The 19th Amendment, which established women’s right to vote in the United States, is one of the greatest uses of the first amendment freedom to assemble peaceably in America. On August 26, 2012, the 92nd anniversary, we gathered at the Riverside Art Museum for a sing-a-long and live recording of a 1917 group song as well as a historical phrygian paper hat making activity to celebrate this history.
The 1917 group song marks a pivotal turning point in the century long struggle for liberty leading to the 19th amendment, which established women’s right to vote in the U.S. It also tells a unique story about the women’s suffrage movement, which is the first successful nonviolent campaign for social change in U.S. history.
The song for the sing-a-long is called “We Worried Woody Wood.” It was written in 1917 while the suffragists were in prison for assembling peaceably in front of the white house, quoting from President Woodrow Wilson’s speeches. They were sent to jail but refused bail stating they had done nothing wrong and accepting bail would mean they were accepting the legitimacy of their arrest. The suffragists also began a hunger strike. These non-violent methods were pioneered by British suffragists and served as the tactical example of non-violence for Gandhi, who had theorized about non-violence but hadn’t identified specific methods.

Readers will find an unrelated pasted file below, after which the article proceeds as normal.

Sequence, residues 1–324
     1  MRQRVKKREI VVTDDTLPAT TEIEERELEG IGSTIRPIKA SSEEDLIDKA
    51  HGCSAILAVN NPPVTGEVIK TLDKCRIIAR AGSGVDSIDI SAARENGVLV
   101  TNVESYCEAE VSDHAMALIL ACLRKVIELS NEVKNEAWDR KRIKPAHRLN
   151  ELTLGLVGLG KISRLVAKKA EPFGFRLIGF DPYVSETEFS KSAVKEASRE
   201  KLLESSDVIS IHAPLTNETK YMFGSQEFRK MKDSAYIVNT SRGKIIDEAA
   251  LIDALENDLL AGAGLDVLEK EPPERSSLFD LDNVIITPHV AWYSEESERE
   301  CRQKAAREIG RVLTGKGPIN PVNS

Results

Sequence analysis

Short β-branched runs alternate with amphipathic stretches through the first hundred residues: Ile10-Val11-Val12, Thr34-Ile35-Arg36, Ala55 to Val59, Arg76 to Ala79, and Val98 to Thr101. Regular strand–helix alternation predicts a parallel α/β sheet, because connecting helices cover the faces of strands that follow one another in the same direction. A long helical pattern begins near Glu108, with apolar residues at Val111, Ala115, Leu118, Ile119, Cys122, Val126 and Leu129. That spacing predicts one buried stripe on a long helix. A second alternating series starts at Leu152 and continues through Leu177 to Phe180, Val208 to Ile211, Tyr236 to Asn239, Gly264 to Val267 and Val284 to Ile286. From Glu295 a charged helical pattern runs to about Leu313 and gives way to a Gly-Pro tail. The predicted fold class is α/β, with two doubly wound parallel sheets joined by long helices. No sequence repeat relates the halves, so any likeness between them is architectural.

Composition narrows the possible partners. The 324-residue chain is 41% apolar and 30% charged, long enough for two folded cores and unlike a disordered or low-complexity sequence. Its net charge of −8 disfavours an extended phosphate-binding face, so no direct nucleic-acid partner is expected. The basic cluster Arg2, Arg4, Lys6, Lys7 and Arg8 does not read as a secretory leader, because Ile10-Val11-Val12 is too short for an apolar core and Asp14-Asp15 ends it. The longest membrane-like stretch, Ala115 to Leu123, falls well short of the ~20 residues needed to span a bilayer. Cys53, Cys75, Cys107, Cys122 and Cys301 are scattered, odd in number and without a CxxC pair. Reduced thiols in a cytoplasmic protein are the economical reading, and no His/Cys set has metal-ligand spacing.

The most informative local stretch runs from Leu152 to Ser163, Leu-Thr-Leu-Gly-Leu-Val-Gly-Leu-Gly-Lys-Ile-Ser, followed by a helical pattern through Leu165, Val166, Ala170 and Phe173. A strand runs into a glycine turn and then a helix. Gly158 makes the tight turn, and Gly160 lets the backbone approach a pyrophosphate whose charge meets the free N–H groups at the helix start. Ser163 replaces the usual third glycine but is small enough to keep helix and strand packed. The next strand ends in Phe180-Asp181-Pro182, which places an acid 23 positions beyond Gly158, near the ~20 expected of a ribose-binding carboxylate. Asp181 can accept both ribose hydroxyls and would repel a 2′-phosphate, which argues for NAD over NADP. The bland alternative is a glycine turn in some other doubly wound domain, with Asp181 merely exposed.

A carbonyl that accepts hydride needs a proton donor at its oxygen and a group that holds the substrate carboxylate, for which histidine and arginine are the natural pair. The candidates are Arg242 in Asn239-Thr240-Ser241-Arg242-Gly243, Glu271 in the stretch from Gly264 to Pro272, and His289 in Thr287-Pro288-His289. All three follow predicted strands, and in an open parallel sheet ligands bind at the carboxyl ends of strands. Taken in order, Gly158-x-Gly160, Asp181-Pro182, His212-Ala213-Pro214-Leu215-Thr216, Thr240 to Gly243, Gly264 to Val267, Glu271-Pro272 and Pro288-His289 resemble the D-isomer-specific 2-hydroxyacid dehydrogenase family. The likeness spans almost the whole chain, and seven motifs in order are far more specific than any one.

While in prison the suffragists were severely mistreated including being force fed and beaten. One suffragist was knocked unconscious. During this time, the prisoners wrote a song. At night they would add a stanza highlighting an event from that day and they would sing the song to the accompaniment of a hair comb.
The goal is for this “seed recording” to serve as a foundation for future components of the living monument. This includes inviting elected officials and the general public to add their voice to the sing-a-long and make a small donation. In the process, the living monument raises money to develop engaging education and community programs and events that explore the many faces of liberty through the lens of the century long suffragist movement.